A UKIP candidate has spoke of his deep shame after making sexually explicit comments about well-known female columnist Yasmin Alibhai-Brown.
John Leathley, 23, who hopes to represent Sedgefield , and who is also standing for Stockton Borough Council in the Hardwick area, was communicating with other young Ukip members on Facebook last November when he made sexually explicit remarks about the centre-left journalist.
Mr Leathley apologised in a statement issued through Ukip, saying:
“I would like to apologise unreservedly to Yasmin Alibhai-Brown.
“I read what I wrote now, I am shocked by them and am appalled and deeply ashamed of my words.
“The comments were made during a private conversation in the evening clearly were never meant to be publicly released, and they should never have been said.
“I am very sorry and regret deeply being so coarse, it is out of character but no more excusable for that.”
The Durham University student had previously declined to apologise in the university’s student newspaper, stating:
“I have no comment to make other than this is the work of an individual who is taking comments from a private conversation between a group of friends dated months ago in a malicious attempt to tarnish my name and reputation.”
“If this is what people who go into public life are going to be like then God help us. I saw the apology and of course I’m not going to give any credence to it at all.
“You don’t apologise because you are found out. Was he drunk? If he wasn’t, then what he said was absolutely appalling. It’s sexist, it’s racist, it’s violent.”
Source – Durham Times, 06 May 2015
Community leaders have condemned controversial TV programme Benefits Street for openly shows drug dealing and substance abuse in Stockton.
The show, which was filmed in Kingston Road on the Tilery Estate follows on from the first series which made stars of some of the inhabitants of Birmingham‘s James Turner Street but was described by some critics as “poverty porn“.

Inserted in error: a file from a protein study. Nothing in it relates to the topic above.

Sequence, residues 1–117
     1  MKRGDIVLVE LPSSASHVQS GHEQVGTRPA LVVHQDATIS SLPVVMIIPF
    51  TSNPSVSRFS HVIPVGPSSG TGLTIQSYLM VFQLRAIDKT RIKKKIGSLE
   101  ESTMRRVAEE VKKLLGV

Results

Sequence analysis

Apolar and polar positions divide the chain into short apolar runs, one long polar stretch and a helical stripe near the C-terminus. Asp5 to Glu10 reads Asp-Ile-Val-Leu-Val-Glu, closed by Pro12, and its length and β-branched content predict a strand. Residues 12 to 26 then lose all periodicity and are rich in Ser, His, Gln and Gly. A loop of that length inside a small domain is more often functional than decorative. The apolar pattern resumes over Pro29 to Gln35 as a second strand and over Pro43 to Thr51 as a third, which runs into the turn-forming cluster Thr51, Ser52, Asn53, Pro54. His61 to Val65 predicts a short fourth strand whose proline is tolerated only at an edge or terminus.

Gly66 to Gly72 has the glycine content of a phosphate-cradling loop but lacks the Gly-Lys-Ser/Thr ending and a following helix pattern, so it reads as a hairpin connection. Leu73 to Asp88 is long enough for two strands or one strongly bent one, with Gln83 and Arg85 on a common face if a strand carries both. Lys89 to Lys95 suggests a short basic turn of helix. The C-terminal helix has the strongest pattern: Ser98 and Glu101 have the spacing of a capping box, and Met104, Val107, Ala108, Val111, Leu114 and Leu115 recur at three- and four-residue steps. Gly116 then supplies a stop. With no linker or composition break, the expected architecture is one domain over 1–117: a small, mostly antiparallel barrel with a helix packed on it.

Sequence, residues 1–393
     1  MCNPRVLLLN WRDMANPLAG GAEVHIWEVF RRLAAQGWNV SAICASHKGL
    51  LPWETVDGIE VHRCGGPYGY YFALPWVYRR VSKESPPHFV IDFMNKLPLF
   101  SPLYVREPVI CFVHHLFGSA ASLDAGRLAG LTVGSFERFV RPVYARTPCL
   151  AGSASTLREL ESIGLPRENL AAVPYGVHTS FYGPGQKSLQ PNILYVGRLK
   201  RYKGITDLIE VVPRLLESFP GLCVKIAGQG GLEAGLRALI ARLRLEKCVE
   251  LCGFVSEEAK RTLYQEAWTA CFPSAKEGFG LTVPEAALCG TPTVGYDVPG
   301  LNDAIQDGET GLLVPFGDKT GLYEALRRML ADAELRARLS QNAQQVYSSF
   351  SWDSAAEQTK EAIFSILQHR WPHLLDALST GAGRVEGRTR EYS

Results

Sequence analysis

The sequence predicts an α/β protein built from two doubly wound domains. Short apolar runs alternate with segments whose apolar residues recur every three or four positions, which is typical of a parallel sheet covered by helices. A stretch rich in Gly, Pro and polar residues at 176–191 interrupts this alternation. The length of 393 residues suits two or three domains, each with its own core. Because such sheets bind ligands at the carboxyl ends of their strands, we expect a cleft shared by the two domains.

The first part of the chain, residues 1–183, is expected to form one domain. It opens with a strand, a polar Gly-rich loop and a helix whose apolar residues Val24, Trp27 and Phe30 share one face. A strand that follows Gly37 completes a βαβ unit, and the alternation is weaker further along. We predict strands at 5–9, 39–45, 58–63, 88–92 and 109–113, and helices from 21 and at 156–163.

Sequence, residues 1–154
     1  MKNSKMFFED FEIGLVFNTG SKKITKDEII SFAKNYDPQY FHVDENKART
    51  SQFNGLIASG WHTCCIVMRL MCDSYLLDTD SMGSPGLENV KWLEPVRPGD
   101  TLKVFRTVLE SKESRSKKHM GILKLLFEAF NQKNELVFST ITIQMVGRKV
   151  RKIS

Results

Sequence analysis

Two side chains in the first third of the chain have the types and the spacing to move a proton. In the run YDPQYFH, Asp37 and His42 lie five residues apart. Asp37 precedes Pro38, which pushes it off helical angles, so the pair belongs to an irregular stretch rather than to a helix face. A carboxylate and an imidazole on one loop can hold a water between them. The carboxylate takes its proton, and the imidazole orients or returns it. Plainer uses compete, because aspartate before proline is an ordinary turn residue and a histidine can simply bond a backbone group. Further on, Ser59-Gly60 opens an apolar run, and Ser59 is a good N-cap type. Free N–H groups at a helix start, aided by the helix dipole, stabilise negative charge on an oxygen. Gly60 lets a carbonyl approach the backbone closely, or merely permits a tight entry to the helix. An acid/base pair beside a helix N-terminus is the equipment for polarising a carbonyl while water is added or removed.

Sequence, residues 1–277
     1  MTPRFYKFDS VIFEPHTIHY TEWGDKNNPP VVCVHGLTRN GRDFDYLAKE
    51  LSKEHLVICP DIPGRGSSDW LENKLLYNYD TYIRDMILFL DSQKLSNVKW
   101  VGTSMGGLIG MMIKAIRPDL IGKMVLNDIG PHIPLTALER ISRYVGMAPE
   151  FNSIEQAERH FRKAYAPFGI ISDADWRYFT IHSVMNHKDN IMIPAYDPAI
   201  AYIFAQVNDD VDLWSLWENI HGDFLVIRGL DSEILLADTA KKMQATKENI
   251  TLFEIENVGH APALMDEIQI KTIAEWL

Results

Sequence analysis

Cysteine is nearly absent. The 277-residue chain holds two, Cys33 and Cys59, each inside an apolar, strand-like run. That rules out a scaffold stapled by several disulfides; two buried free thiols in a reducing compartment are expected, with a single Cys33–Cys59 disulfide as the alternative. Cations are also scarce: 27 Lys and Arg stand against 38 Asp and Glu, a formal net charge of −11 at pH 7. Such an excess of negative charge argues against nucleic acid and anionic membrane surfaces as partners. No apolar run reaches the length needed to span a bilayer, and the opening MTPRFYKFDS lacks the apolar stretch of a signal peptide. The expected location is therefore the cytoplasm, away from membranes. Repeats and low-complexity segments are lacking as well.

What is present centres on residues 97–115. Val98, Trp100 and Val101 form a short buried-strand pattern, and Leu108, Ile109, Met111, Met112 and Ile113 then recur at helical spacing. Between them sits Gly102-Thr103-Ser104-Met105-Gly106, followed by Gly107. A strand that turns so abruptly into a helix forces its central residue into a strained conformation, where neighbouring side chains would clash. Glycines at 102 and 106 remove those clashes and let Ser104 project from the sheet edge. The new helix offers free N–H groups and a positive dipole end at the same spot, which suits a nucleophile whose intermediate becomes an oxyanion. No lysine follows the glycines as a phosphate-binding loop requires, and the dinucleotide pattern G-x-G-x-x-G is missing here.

Among the residents introduced in the first Stockton episode is Neil Maxwell who is shown bagging up cannabis, smoking the drug and taking pills before a court appearance.
The Northern Echo reported in March that Maxwell and his brother Robert were jailed for a double stabbing after one of them was accused of stealing money and tobacco from a neighbour. Both admitted unlawful wounding and Neil Maxwell was locked up for two years and three months.
The 36-year-old, who told the film crew he has taken “early retirement” from a life of crime after a string of convictions, said he claimed benefits because he suffers from memory loss.
In one scene, he is seen spending his benefits money to top up his tan at a local sunbed salon.
Kieran Smith, from Love Productions which makes the show, said they had followed “strict guidelines” about filming illegal activity.
“We filmed with Maxwell for quite a long period of time and he was very clear about the potential repercussions about his behaviour and what might happen to him.”
Mr Smith said the show was “not glorying in his behaviour” and was “quite an honest account of what his life is like.”
But Cllr Bob Cook, the leader of Stockton Borough Council, Labour, condemned the programme makers. He said:
“Why wasn’t this reported to the police? If there’s a crime the police should be told, that would responsible.”
> I suspect the police will know about it all by now ! I dont think they are dealing with a criminal mastermind here.
Cllr Cook accepted that there was poverty in Stockton but argued the programme was unlikely to give a fair portrayal of the town. He said:
“There is deprivation in Stockton but we also have some of the most affluent areas in the country and it is one of the best areas of the country to start a business.”
A father has accused a local authority of “demanding money with menaces” after his daughter was unexpectedly hit with a council tax demand and given seven days to pay – or face court action.
Alan Thompson’s daughter Naomi was left in tears after receiving the letter from Stockton Borough Council.
At the time the single working mother, who receives housing benefit as she is on a low income, was in the process of having her claim re-assessed by the council due to a change of circumstances.
The 34-year-old was told to pay three separate sums totalling £474.72 with the council claiming she had been overpaid going back to December 2011. Panicking as she could not afford it, the money was paid by Mr Thompson on his debit card.
However after an investigation the council later determined Ms Thompson in fact only owed £23 and the rest of the money was refunded.